Mixed episodes are also known as Dysphoric Mania, and they are generally more common with BP2 than BP1. What it means is that you experience both Depression and Hypomania/Mania at the same time, or it may feel like you switch between the two as frequently as every few minutes. For me, Dysphoric Mania is the best way to describe it. The risk-taking and grandiose/invincible feelings that are common in hypomania are driven by the negative emotions from my depression. I quite literally seek out activities that make my symptoms worse and extend my episode. A couple of examples of what that means for me:
- Visiting my childhood hometown where a majority of my trauma took place. The high risk is running into someone who hurt me or supports someone who hurt me, or people/places that remind me of feeling the emotions I felt while I was being hurt. I specifically take this risk to feel the trauma symptoms they bring on, i.e., negative emotions.
- Watching the Netflix show Unbelievable. Halfway through my second time watching it, I realized I was purposefully inducing trauma symptoms. Did that make me stop? Nope, it just made me focus more on it specifically because of the high risk for the result of negative emotions. This generally applies for anytime I have a strong urge to watch crime / highly intense movies or shows. Since I experience Hypomania rather than Mania, I do have the ability to control what I do; it's just very difficult because my brain tells me I want/need it.
- Purposefully driving reckless because of the combination of thrill and horror it brings.
Since I have only been diagnosed since August of last year, it's difficult for me to look back and determine what my cycles were like pre-diagnosis. However, since my diagnosis I have gone through complete cycles with as few as 0-3 days of downtime between them. It's exhausting with no time to recover between cycles. It feels like brain whiplash, and making plans feels impossible because I have no idea how I'll feel by the time the day comes around.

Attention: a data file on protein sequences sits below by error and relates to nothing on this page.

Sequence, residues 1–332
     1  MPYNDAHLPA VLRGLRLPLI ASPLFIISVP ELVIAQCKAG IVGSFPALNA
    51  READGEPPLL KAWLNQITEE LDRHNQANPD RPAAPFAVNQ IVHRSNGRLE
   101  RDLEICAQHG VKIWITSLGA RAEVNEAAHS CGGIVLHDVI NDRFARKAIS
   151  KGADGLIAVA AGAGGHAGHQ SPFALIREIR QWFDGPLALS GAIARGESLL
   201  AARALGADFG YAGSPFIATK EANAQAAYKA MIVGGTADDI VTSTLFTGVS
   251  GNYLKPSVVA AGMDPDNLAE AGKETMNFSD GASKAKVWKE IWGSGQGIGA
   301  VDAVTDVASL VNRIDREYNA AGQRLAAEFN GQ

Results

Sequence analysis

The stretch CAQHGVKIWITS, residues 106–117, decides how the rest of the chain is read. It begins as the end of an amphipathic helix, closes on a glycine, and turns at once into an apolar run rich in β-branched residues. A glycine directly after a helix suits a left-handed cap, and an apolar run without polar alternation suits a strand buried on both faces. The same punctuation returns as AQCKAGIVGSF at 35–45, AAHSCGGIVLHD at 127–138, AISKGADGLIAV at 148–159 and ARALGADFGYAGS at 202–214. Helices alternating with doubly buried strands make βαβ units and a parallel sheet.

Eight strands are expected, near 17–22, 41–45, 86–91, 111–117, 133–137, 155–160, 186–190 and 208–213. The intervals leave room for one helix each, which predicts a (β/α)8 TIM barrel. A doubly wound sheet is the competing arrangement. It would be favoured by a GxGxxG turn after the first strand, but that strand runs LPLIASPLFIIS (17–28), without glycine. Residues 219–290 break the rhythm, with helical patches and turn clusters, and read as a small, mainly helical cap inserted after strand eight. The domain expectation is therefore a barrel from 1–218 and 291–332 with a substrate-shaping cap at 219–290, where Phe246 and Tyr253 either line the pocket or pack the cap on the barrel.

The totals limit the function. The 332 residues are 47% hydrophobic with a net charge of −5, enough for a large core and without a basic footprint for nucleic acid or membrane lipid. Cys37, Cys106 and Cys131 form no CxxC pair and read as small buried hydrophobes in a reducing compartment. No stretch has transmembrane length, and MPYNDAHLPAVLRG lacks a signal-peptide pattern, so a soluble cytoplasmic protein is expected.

While not all my cycles have clear triggers / may not have been triggered by an outside factor at all, there are a couple of things that are almost guaranteed to induce a cycle.
- The sun. I found this out during my most recent work trip to LA. It turns out that even sun lamps can trigger hypomania. When I learned that, it made perfect sense. A few years back, I purchased a sun lamp to help my depression. I only used it a couple of times even though it did seem to help because while my depression seemed to lessen, it also made me feel uncomfortable (probably a mixed episode). I now tell my prescribing doctor every time I'm heading somewhere sunny so she can give me a backup medication plan should I start to feel hypomanic symptoms. Side note: Anyone want a sun lamp?